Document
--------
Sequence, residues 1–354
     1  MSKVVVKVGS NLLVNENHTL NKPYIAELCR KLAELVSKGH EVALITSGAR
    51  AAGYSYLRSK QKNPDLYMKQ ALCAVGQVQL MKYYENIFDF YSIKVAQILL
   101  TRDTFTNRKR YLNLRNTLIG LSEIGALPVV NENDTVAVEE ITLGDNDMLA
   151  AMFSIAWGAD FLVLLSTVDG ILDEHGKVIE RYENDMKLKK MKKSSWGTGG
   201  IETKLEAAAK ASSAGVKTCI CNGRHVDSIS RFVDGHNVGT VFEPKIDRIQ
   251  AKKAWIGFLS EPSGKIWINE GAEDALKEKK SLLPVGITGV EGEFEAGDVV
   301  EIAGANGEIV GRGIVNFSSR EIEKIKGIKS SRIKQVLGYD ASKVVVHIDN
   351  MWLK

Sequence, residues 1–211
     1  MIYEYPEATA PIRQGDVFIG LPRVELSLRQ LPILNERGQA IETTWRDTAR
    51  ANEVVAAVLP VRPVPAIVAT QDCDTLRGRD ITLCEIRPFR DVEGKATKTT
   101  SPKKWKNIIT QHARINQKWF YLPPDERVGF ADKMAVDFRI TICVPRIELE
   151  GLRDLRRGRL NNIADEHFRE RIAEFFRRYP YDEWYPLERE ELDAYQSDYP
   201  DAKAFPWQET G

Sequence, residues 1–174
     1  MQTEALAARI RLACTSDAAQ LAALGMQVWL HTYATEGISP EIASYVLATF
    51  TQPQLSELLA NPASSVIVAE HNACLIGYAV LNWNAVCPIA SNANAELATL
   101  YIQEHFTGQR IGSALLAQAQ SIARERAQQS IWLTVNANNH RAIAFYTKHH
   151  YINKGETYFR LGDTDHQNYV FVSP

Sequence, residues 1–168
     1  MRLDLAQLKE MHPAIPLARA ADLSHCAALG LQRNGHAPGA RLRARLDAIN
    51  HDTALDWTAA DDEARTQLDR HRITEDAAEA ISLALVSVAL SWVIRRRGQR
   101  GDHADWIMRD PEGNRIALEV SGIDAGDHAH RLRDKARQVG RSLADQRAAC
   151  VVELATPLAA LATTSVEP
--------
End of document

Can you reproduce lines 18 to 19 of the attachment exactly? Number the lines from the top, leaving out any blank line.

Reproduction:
    51  TQPQLSELLA NPASSVIVAE HNACLIGYAV LNWNAVCPIA SNANAELATL
   101  YIQEHFTGQR IGSALLAQAQ SIARERAQQS IWLTVNANNH RAIAFYTKHH